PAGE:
On Air Now

Tune in to Listen

99.9 FM Hibbing, MN

Weather

Current Conditions(Hibbing,MN 55746)

More Weather »
53° Feels Like: 53°
Wind: NW 3 mph Past 24 hrs - Precip: 0”
Current Radar for Zip

Tonight

Clear 52°

Tomorrow

Mostly Sunny 76°

Wed Night

Partly Cloudy 50°

Alerts

  • 0 Severe Weather Alerts
  • 0 Cancellations

Chubby Checker can sue HP over genital-measuring app, judge says

Rock legend Chubby Checker sings his trademark song "The Twist" at Denver Nuggets basketball game in Denver, Colorado, in this March 22, 200
Rock legend Chubby Checker sings his trademark song "The Twist" at Denver Nuggets basketball game in Denver, Colorado, in this March 22, 200

By Dan Levine

SAN FRANCISCO (Reuters) - The musician famous for the Twist dance style can sue Hewlett Packard Co over allegations that the tech company used his trademarked name "Chubby Checker" on a software app that purports to measure a man's genitals.

In a ruling on Thursday, U.S. District Judge William Alsup in San Francisco ruled that Ernest Evans - known professionally as Chubby Checker - can move forward with trademark infringement claims against HP and its Palm unit.

HP spokesman Michael Thacker on Friday said the app was not created by HP or Palm. "It was removed in September 2012 and is no longer on any Palm or HP hosted website," Thacker said.

Chubby Checker first gained fame in 1960 when his recording "The Twist" rose to No. 1 on Billboard Magazine's hot singles chart, where it remained for 18 straight weeks, according to the lawsuit. It inspired an international dance craze in the early 1960s and has been a mainstay at dance parties ever since.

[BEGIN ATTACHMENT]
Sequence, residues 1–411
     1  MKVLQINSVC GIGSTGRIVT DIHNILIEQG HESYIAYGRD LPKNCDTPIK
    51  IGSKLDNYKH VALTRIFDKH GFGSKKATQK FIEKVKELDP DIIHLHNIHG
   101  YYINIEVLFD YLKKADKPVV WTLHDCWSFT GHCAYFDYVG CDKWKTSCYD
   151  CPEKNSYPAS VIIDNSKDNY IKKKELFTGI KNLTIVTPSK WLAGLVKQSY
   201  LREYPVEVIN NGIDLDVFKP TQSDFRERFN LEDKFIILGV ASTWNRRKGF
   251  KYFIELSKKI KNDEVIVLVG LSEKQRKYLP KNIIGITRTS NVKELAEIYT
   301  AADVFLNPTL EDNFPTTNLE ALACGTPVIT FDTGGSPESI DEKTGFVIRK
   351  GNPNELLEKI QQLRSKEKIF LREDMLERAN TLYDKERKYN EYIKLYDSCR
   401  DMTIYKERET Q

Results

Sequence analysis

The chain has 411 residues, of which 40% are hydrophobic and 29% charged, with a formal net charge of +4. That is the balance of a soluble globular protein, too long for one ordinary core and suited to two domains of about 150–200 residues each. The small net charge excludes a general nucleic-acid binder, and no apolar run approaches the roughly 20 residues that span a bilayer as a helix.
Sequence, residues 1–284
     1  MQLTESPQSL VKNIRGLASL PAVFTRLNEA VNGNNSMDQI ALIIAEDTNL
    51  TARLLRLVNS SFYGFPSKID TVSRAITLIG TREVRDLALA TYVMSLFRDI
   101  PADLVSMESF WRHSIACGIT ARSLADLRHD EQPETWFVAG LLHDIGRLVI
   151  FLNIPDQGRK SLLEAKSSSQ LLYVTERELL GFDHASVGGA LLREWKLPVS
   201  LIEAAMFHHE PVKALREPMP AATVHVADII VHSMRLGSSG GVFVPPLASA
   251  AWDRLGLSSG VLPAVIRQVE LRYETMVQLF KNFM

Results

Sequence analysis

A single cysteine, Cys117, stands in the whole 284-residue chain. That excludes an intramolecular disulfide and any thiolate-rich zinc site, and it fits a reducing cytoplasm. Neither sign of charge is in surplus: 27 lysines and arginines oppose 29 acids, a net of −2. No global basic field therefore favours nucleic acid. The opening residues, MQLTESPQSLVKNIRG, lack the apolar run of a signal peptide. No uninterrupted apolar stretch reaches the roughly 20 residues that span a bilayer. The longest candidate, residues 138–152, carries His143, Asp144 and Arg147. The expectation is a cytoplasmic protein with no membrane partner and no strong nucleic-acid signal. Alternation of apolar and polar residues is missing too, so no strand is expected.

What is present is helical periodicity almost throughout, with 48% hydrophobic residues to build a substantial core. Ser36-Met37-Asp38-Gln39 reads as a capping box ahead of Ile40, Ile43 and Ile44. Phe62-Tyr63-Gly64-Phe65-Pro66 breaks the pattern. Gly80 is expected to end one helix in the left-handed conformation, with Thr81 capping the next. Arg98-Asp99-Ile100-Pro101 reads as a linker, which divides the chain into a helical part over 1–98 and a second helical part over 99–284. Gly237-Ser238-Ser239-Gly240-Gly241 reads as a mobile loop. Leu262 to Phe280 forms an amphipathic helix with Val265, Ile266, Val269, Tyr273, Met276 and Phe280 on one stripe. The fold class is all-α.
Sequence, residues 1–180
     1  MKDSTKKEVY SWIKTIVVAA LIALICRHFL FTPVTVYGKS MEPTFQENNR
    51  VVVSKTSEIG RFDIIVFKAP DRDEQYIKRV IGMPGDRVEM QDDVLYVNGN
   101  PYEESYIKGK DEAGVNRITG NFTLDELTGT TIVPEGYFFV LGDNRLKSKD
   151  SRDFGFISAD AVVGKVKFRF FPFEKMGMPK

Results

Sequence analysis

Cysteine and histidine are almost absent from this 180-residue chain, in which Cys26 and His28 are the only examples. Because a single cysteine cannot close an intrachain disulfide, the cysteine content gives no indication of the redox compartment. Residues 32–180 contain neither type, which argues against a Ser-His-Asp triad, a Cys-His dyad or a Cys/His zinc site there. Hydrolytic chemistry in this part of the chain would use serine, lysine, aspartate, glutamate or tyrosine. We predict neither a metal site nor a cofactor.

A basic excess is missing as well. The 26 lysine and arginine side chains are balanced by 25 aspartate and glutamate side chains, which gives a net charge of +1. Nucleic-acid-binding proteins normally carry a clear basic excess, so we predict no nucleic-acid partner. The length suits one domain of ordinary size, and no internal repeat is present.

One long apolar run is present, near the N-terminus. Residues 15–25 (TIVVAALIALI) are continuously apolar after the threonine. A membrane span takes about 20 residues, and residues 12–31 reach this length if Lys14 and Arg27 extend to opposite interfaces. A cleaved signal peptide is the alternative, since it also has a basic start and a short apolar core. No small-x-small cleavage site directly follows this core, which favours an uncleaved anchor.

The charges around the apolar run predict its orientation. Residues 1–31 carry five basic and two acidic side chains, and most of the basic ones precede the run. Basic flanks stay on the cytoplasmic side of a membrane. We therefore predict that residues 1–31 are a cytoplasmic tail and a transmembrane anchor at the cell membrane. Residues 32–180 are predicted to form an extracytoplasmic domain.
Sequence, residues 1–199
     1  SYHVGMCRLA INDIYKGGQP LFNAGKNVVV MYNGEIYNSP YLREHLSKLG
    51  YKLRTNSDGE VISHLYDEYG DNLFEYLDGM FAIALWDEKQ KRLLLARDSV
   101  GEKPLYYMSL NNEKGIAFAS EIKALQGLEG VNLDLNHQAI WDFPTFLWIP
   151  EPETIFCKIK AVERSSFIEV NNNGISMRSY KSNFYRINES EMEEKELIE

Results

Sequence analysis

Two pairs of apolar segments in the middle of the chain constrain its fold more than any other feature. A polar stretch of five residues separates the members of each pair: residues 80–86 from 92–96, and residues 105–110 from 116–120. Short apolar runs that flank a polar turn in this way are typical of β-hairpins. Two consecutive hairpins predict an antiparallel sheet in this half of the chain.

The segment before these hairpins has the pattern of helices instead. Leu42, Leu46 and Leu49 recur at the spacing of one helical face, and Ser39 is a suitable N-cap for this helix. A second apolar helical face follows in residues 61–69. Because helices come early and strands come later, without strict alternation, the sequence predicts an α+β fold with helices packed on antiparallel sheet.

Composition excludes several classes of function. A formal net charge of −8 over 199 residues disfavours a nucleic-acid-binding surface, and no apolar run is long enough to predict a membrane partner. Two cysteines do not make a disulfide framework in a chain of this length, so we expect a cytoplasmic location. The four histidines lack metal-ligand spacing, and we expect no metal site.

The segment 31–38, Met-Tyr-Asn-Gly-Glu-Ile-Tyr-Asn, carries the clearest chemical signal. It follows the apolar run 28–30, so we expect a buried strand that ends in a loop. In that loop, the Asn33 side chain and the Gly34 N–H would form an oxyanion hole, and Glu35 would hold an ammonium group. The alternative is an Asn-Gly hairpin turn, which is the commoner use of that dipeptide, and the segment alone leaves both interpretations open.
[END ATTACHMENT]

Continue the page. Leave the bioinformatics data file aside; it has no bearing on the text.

HP began offering "The Chubby Checker" app for sale in 2006, which purports to estimate the size of a man's genitals based on his shoe size, according to the ruling. "The name 'Chubby Checker' is thus used as a vulgar pun," Alsup wrote.

The musician informed HP that the app violated his trademark, and he sued earlier this year.

In an effort to dismiss the lawsuit, HP claimed that Evans failed to allege HP knew of the infringement. Alsup rejected that argument, saying Evans properly alleged that HP had a detailed application and approval process for the app, and thus knew it violated the trademark.

Alsup did dismiss other claims brought by Evans, but gave him a chance to refile the lawsuit to try to move forward on them.

The case in U.S. District Court, Northern District of California is Ernest Evans et al. vs. Hewlett-Packard Company et al., 13-2477.

(Reporting By Dan Levine; Additional reporting by Jonathan Stempel; Editing by Leslie Adler)

Comments